Often, though, the third-party commercial lab sends the result as a PDF or a piece of paper that needs to be scanned into the EHR. "Depending on how and where things are scanned in and if and how they're labeled, they may not get noticed," she said. 

Griffith said that her father, a surgeon, occasionally asks her about various test reports. One had been photocopied and faxed so many times that the image was difficult to read, and her dad had no idea that the reports are produced in full color and available through the lab's website.

Griffith would like patients to have reports before she discusses cases with them, but not necessarily at the very instant the lab approves the test results. She would prefer EHR systems give physicians the choice of when to release results. "I'd like to give them the chance to call," she said. 

"I've been thinking more from the perspective of what I would do differently in terms of letting a patient know about how and when and where their results are going to be available. But most genetic tests are not ordered with a genetic counselor involved," Griffith continued. 

Griffith said that she often hears from clinicians that patients wouldn't understand genetic test results and that many lack basic health literacy. "But more and more labs really do try to write their reports in a way that's pretty accessible," she said. 

"I think there's definitely the possibility of a patient misinterpreting test results, just like people are concerned about them misunderstanding what's written in the medical chart. But we know that already happens with physicians," Griffith said. 

As a telehealth genetic counselor, Griffith wants patients to have the results in front of them when discussing their cases, but it would help to have that information more tightly integrated with patient and family medical histories, an area where some EHR systems fall short.   

"All of the EHRs … just don't really lend themselves toward having the family history front and center. Ideally, anytime someone is looking at test results, the family history information should be close by or easily accessible," Griffith said.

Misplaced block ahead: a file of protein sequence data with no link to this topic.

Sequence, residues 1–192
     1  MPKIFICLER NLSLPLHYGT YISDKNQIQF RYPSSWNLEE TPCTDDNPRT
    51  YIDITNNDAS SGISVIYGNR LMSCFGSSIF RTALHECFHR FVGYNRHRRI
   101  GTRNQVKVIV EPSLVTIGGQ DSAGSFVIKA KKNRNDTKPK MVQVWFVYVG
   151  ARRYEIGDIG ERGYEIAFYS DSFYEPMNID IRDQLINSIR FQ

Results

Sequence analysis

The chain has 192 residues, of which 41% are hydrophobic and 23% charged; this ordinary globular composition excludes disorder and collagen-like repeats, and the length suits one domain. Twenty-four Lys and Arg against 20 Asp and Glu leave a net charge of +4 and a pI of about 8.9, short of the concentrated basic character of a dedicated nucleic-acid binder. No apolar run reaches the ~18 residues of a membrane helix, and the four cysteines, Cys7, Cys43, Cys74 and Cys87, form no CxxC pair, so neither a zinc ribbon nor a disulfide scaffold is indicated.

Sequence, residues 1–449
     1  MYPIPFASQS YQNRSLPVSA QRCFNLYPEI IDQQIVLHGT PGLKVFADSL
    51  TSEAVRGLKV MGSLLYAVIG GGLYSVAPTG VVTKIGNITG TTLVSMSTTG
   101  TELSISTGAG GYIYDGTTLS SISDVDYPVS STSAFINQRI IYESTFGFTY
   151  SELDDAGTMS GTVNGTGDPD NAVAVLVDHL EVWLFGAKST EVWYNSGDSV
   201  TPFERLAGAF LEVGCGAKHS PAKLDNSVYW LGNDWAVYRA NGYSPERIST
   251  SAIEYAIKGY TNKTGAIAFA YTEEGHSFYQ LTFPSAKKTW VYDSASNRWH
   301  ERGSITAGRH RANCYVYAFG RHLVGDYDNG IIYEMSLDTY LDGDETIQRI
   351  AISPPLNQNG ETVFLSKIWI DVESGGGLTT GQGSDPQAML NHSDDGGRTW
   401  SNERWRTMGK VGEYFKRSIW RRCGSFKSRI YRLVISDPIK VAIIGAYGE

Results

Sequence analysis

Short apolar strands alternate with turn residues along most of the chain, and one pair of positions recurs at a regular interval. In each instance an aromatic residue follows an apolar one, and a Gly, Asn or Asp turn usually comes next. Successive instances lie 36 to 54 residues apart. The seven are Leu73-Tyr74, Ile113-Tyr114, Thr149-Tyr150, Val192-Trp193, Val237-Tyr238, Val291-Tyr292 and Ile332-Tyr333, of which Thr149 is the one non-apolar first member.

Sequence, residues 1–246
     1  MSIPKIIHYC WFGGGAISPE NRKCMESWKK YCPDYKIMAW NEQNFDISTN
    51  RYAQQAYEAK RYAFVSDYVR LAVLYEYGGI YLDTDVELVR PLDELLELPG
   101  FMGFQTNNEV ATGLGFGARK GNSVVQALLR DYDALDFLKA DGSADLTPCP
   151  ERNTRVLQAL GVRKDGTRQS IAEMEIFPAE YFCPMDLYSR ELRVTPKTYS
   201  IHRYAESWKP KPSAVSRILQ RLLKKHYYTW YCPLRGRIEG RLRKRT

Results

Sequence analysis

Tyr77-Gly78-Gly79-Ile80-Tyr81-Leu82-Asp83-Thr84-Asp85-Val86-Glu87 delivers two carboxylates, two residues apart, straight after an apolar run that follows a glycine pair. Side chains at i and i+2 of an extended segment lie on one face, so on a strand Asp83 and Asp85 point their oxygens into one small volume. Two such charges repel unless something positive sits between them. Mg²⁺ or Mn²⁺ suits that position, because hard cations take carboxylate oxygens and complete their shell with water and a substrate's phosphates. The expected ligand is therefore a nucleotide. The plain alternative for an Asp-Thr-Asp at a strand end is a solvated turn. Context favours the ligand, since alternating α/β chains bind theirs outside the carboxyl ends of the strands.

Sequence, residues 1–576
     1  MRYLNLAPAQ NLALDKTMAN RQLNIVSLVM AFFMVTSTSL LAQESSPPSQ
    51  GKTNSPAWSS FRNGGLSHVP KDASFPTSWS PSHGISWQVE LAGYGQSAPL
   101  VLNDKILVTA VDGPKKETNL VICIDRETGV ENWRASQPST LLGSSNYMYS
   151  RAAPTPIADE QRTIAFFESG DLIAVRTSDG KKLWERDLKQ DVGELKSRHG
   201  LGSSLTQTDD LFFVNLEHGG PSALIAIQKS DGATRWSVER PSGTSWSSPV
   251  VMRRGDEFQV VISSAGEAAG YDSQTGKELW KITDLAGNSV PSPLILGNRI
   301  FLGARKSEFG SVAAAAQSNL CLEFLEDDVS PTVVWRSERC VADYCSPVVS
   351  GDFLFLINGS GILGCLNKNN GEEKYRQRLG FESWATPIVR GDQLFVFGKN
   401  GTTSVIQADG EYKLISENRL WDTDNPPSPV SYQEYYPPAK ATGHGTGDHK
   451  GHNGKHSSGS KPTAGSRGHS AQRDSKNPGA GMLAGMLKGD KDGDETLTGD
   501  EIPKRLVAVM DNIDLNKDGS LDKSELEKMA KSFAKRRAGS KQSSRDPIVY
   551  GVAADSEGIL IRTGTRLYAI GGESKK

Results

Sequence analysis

One organization that started independently of OpenNotes and now shares every test result — including genomic reports — is Keck Medicine of the University of Southern California. 

Keck has been using a Cerner EHR since 2013 and started sharing test results when it turned on its patient portal a year later. The "full and immediate release of the lab catalog," including genetic tests, started in mid-2017, according to CMIO Gil Shlamovitz. 

The academic health system added physician notes — clinical notes, consult notes, operative reports, emergency department reports, and the like — as part of the OpenNotes program in October 2018. 

"We did not carve out genomics or genetics or sexually transmitted disease or cancer tumor markers, or anything like that since our patients were very clear in their [request for] access to everything that is theirs," Shlamovitz said. 

Each of Keck's three hospitals has its own patient and family advisory council, and there is a similar council for Keck Medicine's ambulatory services.  

"All of these groups work together and our consumers communicate it to us very clearly that they would like full access and immediate access to their information," Shlamovitz said. "It became very clear to us that we would like to provide access to everything that we can technically provide access to and are legally permitted to provide access to."

Keck's USC Norris Comprehensive Cancer Center is one of the original five National Cancer Institute-designated centers, so it has a long history of performing genetic tests on oncology patients.  

Salmi said that at least half of the NCI-designated cancer centers and a similar share of the US News and World Report list of the top 50 cancer centers in the country share now clinical notes with patients. A recent addition is City of Hope National Medical Center, which launched its OpenNotes initiative in September, she said. 

Griffith said she is most worried about potential harm from the immediate release of genomic results"The patient should receive results in an environment where professional and emotional support are available to help them absorb information that potentially could be overwhelming," she said. 

It would be a bad idea to have a phone consultation about a positive test result with a patient who is driving, for example. "You're already not receiving that in a supportive environment, and you don't have a copy of the record," Griffith said. 

"Overall, I think it's still better for people to have easy access to that information."